When I do need to clean my proofing basket, I will rinse it with water and use a clean dry brush to help scrape out any bits of dough that have dried on. Then use a towel to dry it so it isn’t soaking wet and is just damp. Then give your basket a fresh coating of rice flour and let that dry, just as you do with your new basket.

Loaf of sourdough that has been cut in half

What can I use Instead of a Banneton Basket

If you do not have a banneton basket, you can use a mixing bowl instead! Line the bowl with a clean lint free towel and dust that with rice flour. Then you can shape and proof your dough in the bowl.

This method obviously will not give your loaves the spiral pattern as proofing baskets do. But a bowl will do the trick to hold the shape of your loaf as it proofs, which is the main function of a banneton basket anyway!

Banneton Baskets I use and Other Helpful Tools

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23 comments on “Banneton Basket Prep and Care”

  1. What would you suggest as an alternative to rice flour? My mom is severely allergic to rice, so I’m unable to use rice flour since she does occasionally eat with us. 

  2. This was informative. How do you store the baskets after use?

  3. Thank you for all your helpful information.
    I am going to be using a banneton for the first time today, but I have not been able to find rice flour for several days in several stores. Would Almond flour, Flax meal, or corn meal work to dust my banneton better than bread flour or AP flour?
    Thank you!

  4. Hello! I have a lot of tapioca flour and potato starch on hand. Would either of these be a good substitute for rice flour to dust a basket? Thanks! 🙂

  5. Thanks for the informative post. I love the idea of using a bowl as alternative. I will try that out.

  6. What are a couple of good brands of rice flour?

  7. I would like to know if it’s best to use Sweet Rice Flour or regular Rice Flour to line the proofing bowl, or are they interchangeable, and if so, which would you recommend. Thanks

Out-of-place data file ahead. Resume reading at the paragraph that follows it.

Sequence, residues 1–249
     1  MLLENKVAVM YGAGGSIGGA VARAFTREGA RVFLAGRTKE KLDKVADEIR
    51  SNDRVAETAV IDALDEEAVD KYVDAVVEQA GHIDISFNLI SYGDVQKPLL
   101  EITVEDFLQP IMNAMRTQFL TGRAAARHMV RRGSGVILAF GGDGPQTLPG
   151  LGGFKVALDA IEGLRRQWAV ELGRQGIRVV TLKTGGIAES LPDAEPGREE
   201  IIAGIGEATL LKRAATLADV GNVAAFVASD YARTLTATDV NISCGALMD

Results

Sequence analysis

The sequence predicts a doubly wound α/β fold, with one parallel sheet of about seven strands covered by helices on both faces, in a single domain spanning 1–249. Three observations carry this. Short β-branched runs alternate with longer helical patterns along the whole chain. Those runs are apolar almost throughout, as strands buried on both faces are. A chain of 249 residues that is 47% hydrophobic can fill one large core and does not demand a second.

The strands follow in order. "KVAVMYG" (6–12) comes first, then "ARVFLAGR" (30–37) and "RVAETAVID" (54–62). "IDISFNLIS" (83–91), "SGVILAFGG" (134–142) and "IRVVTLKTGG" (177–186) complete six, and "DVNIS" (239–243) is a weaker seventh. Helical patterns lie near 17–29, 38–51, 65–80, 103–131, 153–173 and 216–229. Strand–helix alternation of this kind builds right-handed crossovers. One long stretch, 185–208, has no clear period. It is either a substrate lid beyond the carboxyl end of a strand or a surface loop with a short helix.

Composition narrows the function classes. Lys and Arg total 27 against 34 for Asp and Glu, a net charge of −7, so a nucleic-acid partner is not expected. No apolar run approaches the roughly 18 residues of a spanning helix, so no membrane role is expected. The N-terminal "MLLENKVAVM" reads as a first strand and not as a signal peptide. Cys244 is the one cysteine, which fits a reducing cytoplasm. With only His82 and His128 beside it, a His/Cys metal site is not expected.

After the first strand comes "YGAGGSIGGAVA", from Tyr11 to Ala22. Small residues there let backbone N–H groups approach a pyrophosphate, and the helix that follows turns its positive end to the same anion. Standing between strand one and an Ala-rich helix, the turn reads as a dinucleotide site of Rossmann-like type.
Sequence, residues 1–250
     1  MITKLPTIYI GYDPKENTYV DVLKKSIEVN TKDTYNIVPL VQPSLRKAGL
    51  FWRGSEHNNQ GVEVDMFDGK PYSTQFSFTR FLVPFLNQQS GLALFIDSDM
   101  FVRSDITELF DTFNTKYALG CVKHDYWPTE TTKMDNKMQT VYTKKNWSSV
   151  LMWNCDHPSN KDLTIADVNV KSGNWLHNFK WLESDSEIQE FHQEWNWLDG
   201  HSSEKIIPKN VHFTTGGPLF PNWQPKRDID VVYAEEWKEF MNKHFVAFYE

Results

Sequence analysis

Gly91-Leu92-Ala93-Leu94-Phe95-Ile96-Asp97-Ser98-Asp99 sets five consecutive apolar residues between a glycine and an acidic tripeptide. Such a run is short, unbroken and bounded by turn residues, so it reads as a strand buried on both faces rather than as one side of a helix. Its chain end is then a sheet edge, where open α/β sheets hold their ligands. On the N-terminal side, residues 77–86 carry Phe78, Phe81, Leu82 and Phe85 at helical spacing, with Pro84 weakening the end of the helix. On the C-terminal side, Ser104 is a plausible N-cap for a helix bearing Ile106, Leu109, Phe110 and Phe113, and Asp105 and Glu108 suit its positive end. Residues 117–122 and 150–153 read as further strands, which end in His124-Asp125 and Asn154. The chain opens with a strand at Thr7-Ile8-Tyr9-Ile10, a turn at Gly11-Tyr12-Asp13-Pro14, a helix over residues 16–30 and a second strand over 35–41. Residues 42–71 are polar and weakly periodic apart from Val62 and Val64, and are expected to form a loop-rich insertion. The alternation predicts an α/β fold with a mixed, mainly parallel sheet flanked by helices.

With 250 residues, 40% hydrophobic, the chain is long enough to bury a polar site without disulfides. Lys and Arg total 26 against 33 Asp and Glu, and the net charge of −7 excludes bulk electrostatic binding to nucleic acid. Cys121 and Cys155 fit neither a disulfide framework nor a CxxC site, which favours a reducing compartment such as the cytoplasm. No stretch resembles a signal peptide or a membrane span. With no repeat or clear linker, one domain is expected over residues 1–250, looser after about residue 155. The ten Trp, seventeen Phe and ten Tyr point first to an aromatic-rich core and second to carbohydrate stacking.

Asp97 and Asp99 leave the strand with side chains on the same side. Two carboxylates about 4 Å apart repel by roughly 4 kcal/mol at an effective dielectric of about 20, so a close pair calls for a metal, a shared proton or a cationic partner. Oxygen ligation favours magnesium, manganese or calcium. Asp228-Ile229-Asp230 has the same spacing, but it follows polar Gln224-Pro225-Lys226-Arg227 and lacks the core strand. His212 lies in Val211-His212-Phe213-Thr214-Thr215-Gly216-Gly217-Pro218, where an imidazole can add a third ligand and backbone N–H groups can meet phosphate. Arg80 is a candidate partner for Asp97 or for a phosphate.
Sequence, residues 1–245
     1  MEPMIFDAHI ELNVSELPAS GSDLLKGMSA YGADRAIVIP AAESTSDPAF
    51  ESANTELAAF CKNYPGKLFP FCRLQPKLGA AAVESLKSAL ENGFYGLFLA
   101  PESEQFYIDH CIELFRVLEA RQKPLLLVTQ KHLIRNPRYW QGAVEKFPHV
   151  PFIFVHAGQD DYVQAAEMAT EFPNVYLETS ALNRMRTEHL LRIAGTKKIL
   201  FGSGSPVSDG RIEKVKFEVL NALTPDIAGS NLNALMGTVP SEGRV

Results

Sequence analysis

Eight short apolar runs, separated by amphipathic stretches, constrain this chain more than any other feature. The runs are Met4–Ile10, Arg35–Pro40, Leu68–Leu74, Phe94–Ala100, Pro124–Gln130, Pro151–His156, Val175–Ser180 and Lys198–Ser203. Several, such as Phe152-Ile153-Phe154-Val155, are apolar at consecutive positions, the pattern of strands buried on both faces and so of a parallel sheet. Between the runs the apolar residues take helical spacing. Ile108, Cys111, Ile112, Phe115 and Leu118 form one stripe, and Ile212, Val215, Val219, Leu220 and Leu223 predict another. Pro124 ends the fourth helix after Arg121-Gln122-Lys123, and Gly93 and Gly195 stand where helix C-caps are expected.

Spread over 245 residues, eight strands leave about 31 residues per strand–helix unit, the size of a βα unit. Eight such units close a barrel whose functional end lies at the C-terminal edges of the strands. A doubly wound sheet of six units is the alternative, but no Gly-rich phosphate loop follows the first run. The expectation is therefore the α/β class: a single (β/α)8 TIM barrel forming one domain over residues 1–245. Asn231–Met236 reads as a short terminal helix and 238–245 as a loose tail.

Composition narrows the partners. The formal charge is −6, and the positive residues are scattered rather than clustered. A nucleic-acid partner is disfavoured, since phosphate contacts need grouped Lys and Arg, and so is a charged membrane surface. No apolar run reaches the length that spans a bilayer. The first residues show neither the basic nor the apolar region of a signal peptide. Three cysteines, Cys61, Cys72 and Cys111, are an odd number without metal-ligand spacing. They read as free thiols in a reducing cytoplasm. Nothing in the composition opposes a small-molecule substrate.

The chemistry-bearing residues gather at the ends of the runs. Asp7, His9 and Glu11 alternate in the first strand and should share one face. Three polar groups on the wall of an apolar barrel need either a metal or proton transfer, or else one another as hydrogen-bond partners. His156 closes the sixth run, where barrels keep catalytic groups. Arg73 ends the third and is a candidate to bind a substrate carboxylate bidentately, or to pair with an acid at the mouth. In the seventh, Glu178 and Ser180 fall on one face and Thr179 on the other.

8. I just got my banneton shipped to me from China. Do I not do an initial cleaning before conditioning it? Also how do I clean the linen cover? Can I throw it in my washer?


  9. Can I use sweet rice flour instead of rice flour?

  10. I have a proof setting on my GE wall oven.
    Does anyone know how to use this? Basically I mean how long to proof sourdough in the oven on a proof setting. It is supposed to reduce proofing time but I am new to sourdough and don’t want to over proof.

  11. I just bought my first proofing basket, and your tips for initial care are very helpful. The question I still have is about the linen liner. Before first use, should I boil it and let dry or should I wash it in the laundry with other linen towels using my regular detergent? (I have a cheese making bag that i have to boil instead of wash.) Thanks!

  12. what type of rice flour. There are many that say for baking or gluten free. Which one please. Thank you.

  13. “If you have dusted the liner well, you likely won’t need to clean it between every bake. Just shape off the flour and store it. When you do need to clean it, hand wash it with soap and water and let it dry completely before your next bake. ”

    “You never want to use soap on your banneton basket, but you can rinse them out if they start to get a little bit crusty.”

    Which is it? You contradict yourself here.

  14. Our banneton just developed a scattering of what looks like dots of mold. Not sure how this happened as it is in use most of the week and stored open on the counter in between. What’s the best way to clean this now? Bleach?

    • that’s so strange! I wonder if you have a lot of humidity in your home? I would scrub it with vinegar and hot water until clean. And then let thoroughly air dry in bright sunlight if you have it.

  15. I bought a banneton basket before I discovered I’m celiac. Can I use it for gluten-free bread, or is the gf bread dough too sticky?